Editor’s note: A ghost from Christmases past. We didn’t get many responses to our call for “worst presents ever,” but old reliable came through. Better late than never.
So many ideas for columns this month. I thought about writing a column analyzing why four trustees persist in finding value in a building that the vast majority of our citizens think is pretty worthless. Or the so very tiresome debate over a perceived discipline gap between OPRF High School black and white students. (What about the yellow students?) Or an architect’s failure to renew his license. This big story was over before it started. He renewed his license. Shocking. Pictures at 10.
But then out of nowhere came the editor’s call for worst Christmas gift of all time and a long repressed memory flooded back into my mind. I must tell my story.
It was Dec. 24, 1956 in Southern Indiana. I was 7 years old and my brother Bob was 6. The Hubbuch clan would gather at my grandfather’s, Pop Hubbuch. Cookies and two different kinds of egg nog were available?#34;one for the kids, one for the parents. The parent’s egg nog seemed to invigorate them in a most festive way. Santa came to our house on Christmas morning, but as part of the Christmas Eve ritual there was a gift exchange and each child received one gift from another child. My 10-year-old cousin Judy, whom I had heretofore liked, was the giftgiver for Bob and me.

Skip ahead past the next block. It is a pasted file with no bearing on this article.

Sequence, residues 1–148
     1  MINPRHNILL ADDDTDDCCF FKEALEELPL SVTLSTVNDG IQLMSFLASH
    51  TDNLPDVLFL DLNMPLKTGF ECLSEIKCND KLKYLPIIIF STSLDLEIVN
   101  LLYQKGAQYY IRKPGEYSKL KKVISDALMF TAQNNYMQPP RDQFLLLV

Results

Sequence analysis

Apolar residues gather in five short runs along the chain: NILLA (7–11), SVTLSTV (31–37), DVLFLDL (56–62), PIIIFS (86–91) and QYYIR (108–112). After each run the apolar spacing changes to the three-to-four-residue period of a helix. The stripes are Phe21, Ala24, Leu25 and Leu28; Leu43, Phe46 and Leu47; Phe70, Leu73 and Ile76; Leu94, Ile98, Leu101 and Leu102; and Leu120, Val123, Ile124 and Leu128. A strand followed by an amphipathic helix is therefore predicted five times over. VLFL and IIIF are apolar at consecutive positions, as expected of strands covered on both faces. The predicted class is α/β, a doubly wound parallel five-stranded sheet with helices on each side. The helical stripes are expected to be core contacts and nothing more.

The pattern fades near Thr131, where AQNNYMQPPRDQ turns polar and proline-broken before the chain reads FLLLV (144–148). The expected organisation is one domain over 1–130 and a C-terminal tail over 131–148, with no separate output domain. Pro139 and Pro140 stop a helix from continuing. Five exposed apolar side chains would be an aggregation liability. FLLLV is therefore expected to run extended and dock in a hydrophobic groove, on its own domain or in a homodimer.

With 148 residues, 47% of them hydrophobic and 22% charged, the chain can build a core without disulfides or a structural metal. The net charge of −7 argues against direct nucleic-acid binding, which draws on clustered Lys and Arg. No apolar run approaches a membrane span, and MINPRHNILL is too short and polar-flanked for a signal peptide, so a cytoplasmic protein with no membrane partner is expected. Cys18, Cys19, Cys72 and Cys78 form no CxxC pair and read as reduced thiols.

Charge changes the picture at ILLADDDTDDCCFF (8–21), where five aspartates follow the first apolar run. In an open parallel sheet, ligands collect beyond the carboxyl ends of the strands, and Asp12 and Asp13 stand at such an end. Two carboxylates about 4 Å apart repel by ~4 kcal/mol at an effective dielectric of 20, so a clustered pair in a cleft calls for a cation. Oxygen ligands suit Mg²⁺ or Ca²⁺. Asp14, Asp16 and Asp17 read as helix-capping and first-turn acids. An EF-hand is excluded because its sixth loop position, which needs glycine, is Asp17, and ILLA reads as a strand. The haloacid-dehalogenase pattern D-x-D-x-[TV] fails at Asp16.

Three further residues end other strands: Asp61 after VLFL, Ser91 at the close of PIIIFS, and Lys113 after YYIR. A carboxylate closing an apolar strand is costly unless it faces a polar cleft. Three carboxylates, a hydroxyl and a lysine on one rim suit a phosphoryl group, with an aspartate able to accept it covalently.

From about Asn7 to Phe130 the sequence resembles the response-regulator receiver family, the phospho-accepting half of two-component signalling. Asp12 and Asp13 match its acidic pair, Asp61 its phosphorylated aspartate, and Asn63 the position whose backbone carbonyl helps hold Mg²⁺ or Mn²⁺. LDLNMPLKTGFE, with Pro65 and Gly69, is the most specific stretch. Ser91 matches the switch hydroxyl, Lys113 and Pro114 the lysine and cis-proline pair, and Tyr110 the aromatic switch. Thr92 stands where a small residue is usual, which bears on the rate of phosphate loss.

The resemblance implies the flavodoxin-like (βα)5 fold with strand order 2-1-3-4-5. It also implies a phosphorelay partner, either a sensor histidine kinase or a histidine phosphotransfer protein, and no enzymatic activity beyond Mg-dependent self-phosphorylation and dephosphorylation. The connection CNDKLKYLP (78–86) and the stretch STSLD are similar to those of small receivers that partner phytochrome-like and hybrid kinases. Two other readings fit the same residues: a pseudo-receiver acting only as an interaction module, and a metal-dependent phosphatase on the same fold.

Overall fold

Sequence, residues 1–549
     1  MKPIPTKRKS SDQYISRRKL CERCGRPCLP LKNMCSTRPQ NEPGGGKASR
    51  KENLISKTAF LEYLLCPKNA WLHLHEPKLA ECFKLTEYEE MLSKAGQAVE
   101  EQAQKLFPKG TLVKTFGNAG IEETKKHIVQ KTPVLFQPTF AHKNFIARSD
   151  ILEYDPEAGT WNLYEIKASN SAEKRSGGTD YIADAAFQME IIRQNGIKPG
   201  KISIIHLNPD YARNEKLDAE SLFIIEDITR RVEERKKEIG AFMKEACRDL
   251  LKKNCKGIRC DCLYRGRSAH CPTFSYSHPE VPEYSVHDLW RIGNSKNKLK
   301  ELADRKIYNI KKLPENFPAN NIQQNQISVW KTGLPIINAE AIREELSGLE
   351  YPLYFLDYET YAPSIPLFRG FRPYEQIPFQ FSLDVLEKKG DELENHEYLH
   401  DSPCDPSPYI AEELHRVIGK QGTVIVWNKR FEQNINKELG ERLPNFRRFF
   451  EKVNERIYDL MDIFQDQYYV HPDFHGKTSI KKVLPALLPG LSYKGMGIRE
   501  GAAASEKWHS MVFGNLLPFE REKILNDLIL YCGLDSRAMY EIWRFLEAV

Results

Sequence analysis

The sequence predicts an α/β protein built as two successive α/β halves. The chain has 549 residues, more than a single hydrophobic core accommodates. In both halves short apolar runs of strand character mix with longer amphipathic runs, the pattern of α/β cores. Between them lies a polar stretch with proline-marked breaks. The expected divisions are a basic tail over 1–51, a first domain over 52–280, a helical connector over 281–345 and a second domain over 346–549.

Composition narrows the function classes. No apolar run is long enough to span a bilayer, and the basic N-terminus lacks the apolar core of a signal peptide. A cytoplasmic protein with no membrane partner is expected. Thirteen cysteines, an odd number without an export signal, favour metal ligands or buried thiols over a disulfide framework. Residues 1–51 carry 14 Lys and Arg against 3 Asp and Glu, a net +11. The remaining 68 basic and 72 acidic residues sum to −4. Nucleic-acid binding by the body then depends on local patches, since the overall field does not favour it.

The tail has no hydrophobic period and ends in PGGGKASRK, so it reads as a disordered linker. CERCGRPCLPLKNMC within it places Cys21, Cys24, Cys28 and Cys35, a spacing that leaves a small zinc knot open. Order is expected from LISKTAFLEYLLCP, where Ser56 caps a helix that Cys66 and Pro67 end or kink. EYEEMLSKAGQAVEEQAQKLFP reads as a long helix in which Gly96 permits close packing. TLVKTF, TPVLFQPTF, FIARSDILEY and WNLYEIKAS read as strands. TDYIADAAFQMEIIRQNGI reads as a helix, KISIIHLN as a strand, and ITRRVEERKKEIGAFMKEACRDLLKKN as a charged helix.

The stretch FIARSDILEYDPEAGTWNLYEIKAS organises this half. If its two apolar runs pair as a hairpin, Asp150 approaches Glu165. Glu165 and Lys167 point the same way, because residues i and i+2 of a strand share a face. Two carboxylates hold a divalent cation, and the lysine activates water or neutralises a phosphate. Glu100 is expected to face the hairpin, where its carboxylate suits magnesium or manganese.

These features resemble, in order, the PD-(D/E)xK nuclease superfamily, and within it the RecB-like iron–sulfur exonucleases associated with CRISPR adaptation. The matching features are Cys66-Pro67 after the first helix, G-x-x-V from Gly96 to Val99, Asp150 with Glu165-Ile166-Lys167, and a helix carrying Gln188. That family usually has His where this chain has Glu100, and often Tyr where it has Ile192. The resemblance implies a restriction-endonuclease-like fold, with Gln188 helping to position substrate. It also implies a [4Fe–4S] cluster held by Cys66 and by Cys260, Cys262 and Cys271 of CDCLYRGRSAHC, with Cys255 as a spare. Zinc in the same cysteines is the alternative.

Our wrapped present was pretty big. By the shape, it wasn’t a gun or a football helmet, but it could have been shoulder pads. Oddly, both Bob’s present and mine had the same shape.
Eventually our turn to open our presents came, and we tore through the ribbon and wrapping eager to find out what Judy had given us. For a micro-second it wasn’t clear what it was, but soon enough the hideous orange hair, the rouged plastic faces with the stupid smiles and the recognizable jumpers revealed our gifts to be … dolls. Raggedy Andy and Raggedy Ann dolls. Worse yet, these hideous puppets were near life-size and had bands on their big dumb feet that could be attached to our feet so we could dance with Raggedy Andy and Raggedy Ann!
Utter humiliation. Just what a boy in the 1950s wanted?#34;a dancing doll. Are you kidding me? Bob and I looked around at the smiling parents to see if maybe, just maybe, there had been a mistake or it was a big joke. No. This was actually happening to us.
When one of the adults suggested we strap our feet to theirs and start dancing, it was too much. Bob and I started crying inconsolably. Embarrassed importuning of us to stop our wailing completely failed, and we were allowed to retreat to another room as Raggedy Andy and Raggedy Ann leered at us while we departed.
Judy was crying too. Good. She should cry.
That night, Santa came with real boy presents and the nightmare of these life-size dancing dolls began to slowly recede from our consciousness. Later, Bob and I actually found a use for them. We would play “Attack the Fort” and Raggedy Andy and Raggedy Ann were the evil defenders of the fort.
Bob and I were the conquering heroes.
We took no prisoners.